Help program Dijksttra's algorithim to find single source sourtest path?

I am having a hard time getting started with this program. It can be written in any language (but I prefer java or maybe C).

I have been given a graphs in the form of an adjacency list in a text file. My goal is simply to print the distance of the single source shortest path in the graph (that is, starting at node 0 and visiting every node with a minimum weight, and then print the weight). Some of the lists are huge (over 100,000 nodes) but here is the format of the list:

n=1000 m=8544

0

25 244

108 275

140 273

1

24 187

43 182

This is just the first few lines of the file, but the format is:

n= number of nodes

m= number of edges

then there is a blank line separating each node. On the next line, the node is named (only node 0 and 1 are shown in this example). After the name of the node, each line shows two numbers. The first number is the neighbor nodes name, and the second number is the weight of the edge. So in the example I gave, there are 1000 nodes with 8544 edges. The node named "0" is neighbors with "25" and the weight is 244. Node "0" is also neighbors with "108" and its weight is 275. Node "1" is neighbors with "24" with weight 187, etc...

THIS GRAPH IS UNDIRECTED, BUT THE EDGES ARE ONLY MENTIONED ONCE IN THE LIST! (you can obviously travel from 0 to 25, but you can also travel from 25 to 0 even though 0 is NOT listed in 25's adjacency list, it is just to be assumed that all edges are traversable in both directions).

I know how to read in files and parse them, and I know how the algorithm works (if I had a picture of the graph in front of me). I am just having a hard time connecting this adjacency list to the algorithm to the actual code. How would you do this and what data structures would you use? (I am not asking for code, unless you really want to write some. I just need something to spark my brain).

Re: Help program Dijksttra's algorithim to find single source sourtest path?

One of the simplest ways to represent a graph data structure is to use a list of vertices, and then under each vertex, have a list of nodes that vertex is directly connected to and the weight of the path. While your file may not have a path represented more than once, it's an extremely useful and good optimization to have every path leading from a vertex listed for that vertex.

So, a sample graph might look something like this (note that this graph could have one-way edges, but it's possible to create a graph using this exact same technique with only two-way edges)

vertex 1: [vertex 2, 1], [vertex 3, 3]

vertex 2: [vertex 1, 1], [vertex 4, 1]

vertex 3: [vertex 1, 3]

vertex 4: [vertex 2, 1]

Once you have your graph represented, you can run Dijkstra's algorithm by finding the starting node first, then propagating out according to the algorithm (having a boolean "wasVisited" field inside each vertex would be very useful).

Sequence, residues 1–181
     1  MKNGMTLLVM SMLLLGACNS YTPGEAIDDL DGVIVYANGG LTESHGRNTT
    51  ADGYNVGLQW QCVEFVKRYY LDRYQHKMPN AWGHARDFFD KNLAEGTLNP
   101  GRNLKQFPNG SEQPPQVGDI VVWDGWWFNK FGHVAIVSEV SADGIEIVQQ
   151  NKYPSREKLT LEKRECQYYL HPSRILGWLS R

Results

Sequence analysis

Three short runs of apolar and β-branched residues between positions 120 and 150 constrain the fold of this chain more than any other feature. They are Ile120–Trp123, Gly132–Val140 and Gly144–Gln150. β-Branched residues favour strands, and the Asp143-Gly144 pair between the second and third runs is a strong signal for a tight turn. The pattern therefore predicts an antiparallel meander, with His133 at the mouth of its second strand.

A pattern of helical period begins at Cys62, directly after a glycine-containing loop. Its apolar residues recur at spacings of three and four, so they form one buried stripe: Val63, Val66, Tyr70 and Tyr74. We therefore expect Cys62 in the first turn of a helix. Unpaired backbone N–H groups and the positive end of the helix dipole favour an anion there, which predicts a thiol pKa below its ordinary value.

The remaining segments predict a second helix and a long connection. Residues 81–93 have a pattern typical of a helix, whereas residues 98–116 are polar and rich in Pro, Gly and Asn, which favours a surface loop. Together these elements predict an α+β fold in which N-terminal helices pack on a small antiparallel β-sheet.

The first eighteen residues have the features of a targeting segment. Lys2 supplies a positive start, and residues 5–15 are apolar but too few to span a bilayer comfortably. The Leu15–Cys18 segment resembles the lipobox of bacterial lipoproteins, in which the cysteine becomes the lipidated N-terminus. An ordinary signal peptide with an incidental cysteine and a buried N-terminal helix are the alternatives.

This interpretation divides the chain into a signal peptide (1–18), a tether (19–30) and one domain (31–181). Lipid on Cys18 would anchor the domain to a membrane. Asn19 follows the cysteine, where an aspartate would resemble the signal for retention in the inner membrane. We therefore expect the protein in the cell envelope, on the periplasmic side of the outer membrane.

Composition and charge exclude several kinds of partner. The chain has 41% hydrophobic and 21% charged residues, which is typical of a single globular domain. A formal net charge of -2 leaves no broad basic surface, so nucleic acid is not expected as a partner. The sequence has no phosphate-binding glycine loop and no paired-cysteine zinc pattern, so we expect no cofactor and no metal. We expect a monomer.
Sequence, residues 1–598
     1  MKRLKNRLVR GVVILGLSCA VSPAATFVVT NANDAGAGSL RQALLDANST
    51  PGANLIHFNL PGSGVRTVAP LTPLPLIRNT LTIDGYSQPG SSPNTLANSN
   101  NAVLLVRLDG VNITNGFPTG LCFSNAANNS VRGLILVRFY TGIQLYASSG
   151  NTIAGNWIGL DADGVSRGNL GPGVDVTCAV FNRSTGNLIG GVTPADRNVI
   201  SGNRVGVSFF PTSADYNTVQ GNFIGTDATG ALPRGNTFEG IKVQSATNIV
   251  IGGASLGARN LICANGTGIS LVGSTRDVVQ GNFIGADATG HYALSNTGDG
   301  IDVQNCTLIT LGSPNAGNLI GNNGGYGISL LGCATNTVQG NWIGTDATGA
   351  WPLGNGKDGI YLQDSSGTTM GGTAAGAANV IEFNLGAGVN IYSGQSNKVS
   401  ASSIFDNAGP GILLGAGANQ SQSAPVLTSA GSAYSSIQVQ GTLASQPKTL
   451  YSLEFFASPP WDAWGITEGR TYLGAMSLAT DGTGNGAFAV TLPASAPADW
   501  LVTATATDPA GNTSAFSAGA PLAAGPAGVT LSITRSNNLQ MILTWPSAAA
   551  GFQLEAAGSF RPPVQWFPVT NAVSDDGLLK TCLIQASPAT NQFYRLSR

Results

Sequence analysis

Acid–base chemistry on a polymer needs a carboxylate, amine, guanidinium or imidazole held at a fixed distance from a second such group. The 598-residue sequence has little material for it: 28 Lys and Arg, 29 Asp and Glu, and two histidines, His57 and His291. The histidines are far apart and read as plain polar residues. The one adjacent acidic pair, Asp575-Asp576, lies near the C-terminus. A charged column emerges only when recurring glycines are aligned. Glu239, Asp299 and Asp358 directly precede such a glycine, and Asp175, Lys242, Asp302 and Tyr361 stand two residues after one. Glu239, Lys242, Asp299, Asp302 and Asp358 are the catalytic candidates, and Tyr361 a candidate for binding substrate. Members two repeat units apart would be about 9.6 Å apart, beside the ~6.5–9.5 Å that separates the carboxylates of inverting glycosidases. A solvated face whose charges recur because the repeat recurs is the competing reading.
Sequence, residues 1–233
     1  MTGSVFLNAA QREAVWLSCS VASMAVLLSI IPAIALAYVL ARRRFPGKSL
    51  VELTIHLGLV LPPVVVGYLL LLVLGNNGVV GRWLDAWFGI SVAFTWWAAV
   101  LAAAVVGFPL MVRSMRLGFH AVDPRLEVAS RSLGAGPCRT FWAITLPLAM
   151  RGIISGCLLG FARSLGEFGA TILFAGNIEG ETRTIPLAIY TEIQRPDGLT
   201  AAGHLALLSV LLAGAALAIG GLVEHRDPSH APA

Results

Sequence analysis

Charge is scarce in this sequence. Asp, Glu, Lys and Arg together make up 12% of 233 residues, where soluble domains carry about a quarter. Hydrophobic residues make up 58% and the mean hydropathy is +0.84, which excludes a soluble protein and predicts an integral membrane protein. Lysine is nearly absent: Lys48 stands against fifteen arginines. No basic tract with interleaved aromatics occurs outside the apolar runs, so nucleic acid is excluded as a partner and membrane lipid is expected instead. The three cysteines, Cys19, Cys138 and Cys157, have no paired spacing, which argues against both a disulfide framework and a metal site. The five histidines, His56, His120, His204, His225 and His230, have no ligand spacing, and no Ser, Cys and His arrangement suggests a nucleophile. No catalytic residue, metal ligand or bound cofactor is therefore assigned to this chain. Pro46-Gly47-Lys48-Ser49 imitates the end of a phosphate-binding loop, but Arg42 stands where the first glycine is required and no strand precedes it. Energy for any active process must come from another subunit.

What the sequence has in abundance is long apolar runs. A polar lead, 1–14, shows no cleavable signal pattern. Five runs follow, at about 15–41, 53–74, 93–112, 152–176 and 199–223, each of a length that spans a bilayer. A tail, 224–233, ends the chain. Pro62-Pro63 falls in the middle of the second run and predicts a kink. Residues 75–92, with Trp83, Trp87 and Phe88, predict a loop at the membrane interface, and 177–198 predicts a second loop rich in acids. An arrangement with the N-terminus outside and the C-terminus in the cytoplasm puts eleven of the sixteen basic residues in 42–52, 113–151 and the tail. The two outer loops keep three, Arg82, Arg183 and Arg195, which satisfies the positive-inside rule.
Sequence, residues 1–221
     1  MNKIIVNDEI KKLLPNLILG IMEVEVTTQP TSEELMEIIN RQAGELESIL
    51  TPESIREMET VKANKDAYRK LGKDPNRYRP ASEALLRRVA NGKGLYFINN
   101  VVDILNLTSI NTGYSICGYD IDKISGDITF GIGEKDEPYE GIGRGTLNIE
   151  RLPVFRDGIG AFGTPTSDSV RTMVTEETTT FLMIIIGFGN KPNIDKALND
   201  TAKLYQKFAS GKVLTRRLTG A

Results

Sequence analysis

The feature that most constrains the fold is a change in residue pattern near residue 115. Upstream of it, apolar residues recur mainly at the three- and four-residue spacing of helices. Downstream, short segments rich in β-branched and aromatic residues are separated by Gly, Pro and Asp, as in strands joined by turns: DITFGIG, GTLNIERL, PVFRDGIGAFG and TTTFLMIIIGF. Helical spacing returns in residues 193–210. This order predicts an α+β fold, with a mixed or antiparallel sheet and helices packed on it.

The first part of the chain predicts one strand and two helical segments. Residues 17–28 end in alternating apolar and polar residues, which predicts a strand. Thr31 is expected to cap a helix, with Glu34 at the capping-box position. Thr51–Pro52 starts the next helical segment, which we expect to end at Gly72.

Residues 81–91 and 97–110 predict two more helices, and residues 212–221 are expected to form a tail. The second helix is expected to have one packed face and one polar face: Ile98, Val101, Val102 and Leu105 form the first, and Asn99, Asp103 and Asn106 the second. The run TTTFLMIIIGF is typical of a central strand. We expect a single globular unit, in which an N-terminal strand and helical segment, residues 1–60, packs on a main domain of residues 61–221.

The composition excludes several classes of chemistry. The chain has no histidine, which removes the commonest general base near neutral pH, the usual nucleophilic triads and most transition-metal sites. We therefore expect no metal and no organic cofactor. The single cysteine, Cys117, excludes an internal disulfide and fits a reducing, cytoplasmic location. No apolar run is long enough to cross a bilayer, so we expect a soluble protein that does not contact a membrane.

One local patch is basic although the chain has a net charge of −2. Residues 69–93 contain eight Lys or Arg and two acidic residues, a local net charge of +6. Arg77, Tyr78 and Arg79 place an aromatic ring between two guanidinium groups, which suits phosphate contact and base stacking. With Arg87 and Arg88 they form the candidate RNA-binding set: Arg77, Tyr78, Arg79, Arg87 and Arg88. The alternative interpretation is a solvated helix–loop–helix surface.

Re: Help program Dijksttra's algorithim to find single source sourtest path?

Ok, so it looks like I could create an array for every node. Maybe use the [0] element for the Boolean was visited, and use the rest of the elements in the array to hold neighbors and their corresponding weights?

And because the returning edges are not specifically given to me, but are assumed to exist, I am going to have to have to edit two arrays every time I scan a new line.

Once this is all done, I start at array 0 and find the smallest weight neighbor. I mark array 0 as visited (never compare this array to anything again), then add the weight to the min_weight variable, and continue from whatever node I ended up at from node 0. Once all arrays have been marked as visited, print the min_weight.

Does this sound reasonable? Is it going to be a problem having literally tens of thousands of arrays created at once? The program is supposed to complete in less than 10 seconds (when there is 100,000 nodes). Will this be efficient enough?

Re: Help program Dijksttra's algorithim to find single source sourtest path?

If you're running on a modern computer (and as long as you don't have any glaring inefficiencies), I don't see why you wouldn't finish under a few seconds seconds.

Why use the 0'th element for a boolean was visited? Technically it should work, but that's taking away from the OO nature of Java. Create a node class which contains a boolean isVisited and a list of nodes that node is connected to. Personally, I wouldn't recommend using an array because it will make building your graph a big pain, try using a built-in list type such as the ArrayList or LinkedList, these will make building your graph much easier (actually, technically you could use any collection which allows you to iterate through all the elements).

In Djikstra's algorithm, you actually need the min distance from the start node to every other node. I kind of forgot about that earlier, so that would just be another field inside your node class. When you've visited every node, you can just pick a target node and print out the min distance field of that node.

edit: oh, one last thing (hopefully) is that you need to initialize the initial min distance from the start node to be infinity (or something really large), otherwise there's a chance you'll get a bogus result.